Coronavirus originated from China's Wuhan lab: Trump
The US president says he has evidence linking a Wuhan lab to the contagion
Washington: US president Donald Trump on Thursday threatened China with fresh tariffs as he stepped up his attacks on Beijing over the coronavirus crisis, saying he had seen evidence linking a Wuhan lab to the contagion.
The diatribe from the Republican incumbent came as data showed the United States shed more than 30 million jobs in six weeks, as lockdown measures began to bite across the nation.
The gloom in the world's largest economy found its parallel across the Atlantic, where experts warned of an unprecedented financial catastrophe in Europe.
The outbreak of the novel coronavirus has so far killed more than 230,000 people and forced more than half of humanity to live under some kind of lockdown, which has crippled economies.
The virus is believed to have originated late last year in a market in the Chinese city of Wuhan that sold wild animals for human consumption, but speculation has swirled about a top-secret lab in the ground-zero city.
Asked if he had seen anything giving him a high degree of confidence that the Wuhan Institute of Virology was the source of the outbreak, Trump replied, "Yes, I have."
Pressed by reporters at the White House for details on what made him so confident, Trump replied: "I cannot tell you that."
Trump is increasingly making Beijing's handling of the outbreak a major issue for his November re-election campaign.
When asked about reports that he could cancel US debt obligations to China, Trump said he could "do it differently" and act in "probably a little bit more of a forthright manner."
"I could do the same thing but even for more money, just putting on tariffs," he said.
Despite a truce in the long-running trade war between Washington and Beijing reached in January, tariffs are already in place on two-thirds of trade between the economic powers.
European and US markets finished the day in negative territory, as a spate of figures confirmed fears about how the COVID-19 crisis is pulverizing global growth.
The latest jobless claims by another 3.84 million Americans translate into a jarring conclusion -- roughly nine per cent of the US population has filed for unemployment benefits in six weeks.
In the midwestern US state of Michigan, protesters -- some of them armed -- stormed the state capitol building, demanding that the Democratic governor remove strict lockdown rules, which they say hurt the economy and represent governmental overreach.
The depressing US jobs data compounded the tough message from European Central Bank Christine Lagarde.
"The euro area is facing an economic contraction of magnitude and speed that are unprecedented in peacetime," she warned.
ECB economists expect output in the 19-nation currency club to shrink by "five to 12 per cent" this year, she added.
Eurostat figures showed the eurozone economy was estimated to have shrunk by 3.8 per cent in the first quarter.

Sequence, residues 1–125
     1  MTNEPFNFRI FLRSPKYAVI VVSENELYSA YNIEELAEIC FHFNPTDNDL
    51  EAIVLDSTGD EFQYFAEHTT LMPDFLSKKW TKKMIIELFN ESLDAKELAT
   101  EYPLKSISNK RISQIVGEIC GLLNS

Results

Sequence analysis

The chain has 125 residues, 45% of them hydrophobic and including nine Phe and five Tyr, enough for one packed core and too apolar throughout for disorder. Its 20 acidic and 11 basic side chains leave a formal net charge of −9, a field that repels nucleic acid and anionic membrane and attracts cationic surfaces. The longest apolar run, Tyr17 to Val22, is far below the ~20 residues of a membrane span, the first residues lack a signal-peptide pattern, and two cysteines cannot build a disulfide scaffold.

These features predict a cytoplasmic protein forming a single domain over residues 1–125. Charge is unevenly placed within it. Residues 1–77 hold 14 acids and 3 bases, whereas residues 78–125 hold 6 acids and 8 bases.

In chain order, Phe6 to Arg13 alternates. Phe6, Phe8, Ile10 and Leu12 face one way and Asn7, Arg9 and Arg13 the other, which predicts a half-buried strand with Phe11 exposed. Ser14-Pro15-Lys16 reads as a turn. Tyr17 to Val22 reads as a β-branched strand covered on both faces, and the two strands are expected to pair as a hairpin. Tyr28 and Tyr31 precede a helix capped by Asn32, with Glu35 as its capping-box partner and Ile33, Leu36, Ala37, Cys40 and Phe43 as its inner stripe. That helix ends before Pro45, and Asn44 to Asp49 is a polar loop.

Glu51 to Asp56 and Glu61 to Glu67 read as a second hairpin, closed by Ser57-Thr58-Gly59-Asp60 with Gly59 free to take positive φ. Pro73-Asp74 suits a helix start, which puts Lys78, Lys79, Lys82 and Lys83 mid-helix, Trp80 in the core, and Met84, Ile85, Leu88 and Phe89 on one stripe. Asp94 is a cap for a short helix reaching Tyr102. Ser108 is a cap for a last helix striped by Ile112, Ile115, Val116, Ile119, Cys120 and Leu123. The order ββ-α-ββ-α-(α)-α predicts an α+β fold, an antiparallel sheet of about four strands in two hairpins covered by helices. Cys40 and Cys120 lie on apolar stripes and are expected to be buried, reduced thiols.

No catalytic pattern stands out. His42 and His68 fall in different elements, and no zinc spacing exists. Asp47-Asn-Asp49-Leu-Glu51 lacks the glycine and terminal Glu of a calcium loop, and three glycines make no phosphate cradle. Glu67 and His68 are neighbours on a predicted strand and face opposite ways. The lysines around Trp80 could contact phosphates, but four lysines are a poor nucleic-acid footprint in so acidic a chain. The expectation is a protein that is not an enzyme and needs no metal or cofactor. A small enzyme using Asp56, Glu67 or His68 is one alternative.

Germany, Europe's biggest economy, "will experience the worst recession in the history of the federal republic" -- founded in 1949 -- Economy Minister Peter
Altmaier warned, predicting it would shrink by a record 6.3 per cent.
Drug trial boosts hopes
The coronavirus virus has infected at least 3.2 million people so far, with Russia's prime minister Mikhail Mishustin becoming the latest high-profile figure to test positive as his country's caseload surged past 100,000.
But there was some reason for cheer.
American scientists reported positive tests for improved treatment, and with deaths and infections starting to drop in some hotspots, countries looked at the next phase in their plans to lift crippling lockdown measures.
On Thursday, Germany accelerated plans to start lifting its anti-virus lockdown, preparing to ease curbs on public life and reopen religious institutions, museums and zoos -- having restarted shopping last week.
A decision on when to reopen schools is to come next week.
"It remains absolutely important that we stay disciplined," said Chancellor Angela Merkel.
In South Korea, where COVID-19 was detected in mid-February, no new infections were reported for the first time, suggesting its aggressive test-and-trace strategy is working.
South Korea's death toll is around 250 -- vastly lower than that of Italy, Britain, Spain and France, which have each recorded at least 24,000 fatalities.
The United States tops the table with nearly 63,000 deaths. It recorded more than 2,000 deaths for the third day running Thursday.
Italy, once the world centre of the outbreak, said it was hoping to reopen two major airports next week, but -- like Spain -- plans a cautious reopening.
"We cannot allow the efforts made to be in vain because of rashness at this delicate stage," Prime Minister Giuseppe Conte said.
And British Prime Minister Boris Johnson, who himself battled COVID-19, said the country was "past the peak" of its outbreak.
Meanwhile, in the first evidence of successful treatment, a US clinical trial of the drug remdesivir showed that patients recovered about 30 percent faster than those on a placebo.
"The data shows that remdesivir has a clear-cut, significant, positive effect in diminishing the time to recovery," said Anthony Fauci, the top epidemiologist in the United States.
But it is a treatment, not the much-sought-after vaccine that might allow a full return to normal life.
More than 130 virus therapies are currently being investigated, the International Federation of Pharmaceutical Manufacturers and Associations said Thursday.
Most are still in the early stages of testing, but more than 25 clinical trials have begun, IFPMA director Thomas Cueni said.